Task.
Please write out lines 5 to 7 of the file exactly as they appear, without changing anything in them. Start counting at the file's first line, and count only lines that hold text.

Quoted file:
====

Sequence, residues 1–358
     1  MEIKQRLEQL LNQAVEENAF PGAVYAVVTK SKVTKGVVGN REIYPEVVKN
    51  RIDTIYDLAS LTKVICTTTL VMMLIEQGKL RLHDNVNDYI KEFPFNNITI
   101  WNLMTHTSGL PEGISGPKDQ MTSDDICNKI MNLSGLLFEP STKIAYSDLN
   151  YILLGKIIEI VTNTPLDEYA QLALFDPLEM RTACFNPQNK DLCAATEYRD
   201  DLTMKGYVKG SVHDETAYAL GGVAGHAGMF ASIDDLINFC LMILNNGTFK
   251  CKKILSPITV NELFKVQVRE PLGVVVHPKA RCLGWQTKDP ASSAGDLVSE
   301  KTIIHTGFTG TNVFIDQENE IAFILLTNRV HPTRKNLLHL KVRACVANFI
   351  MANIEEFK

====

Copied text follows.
   151  YILLGKIIEI VTNTPLDEYA QLALFDPLEM RTACFNPQNK DLCAATEYRD
   201  DLTMKGYVKG SVHDETAYAL GGVAGHAGMF ASIDDLINFC LMILNNGTFK
   251  CKKILSPITV NELFKVQVRE PLGVVVHPKA RCLGWQTKDP ASSAGDLVSE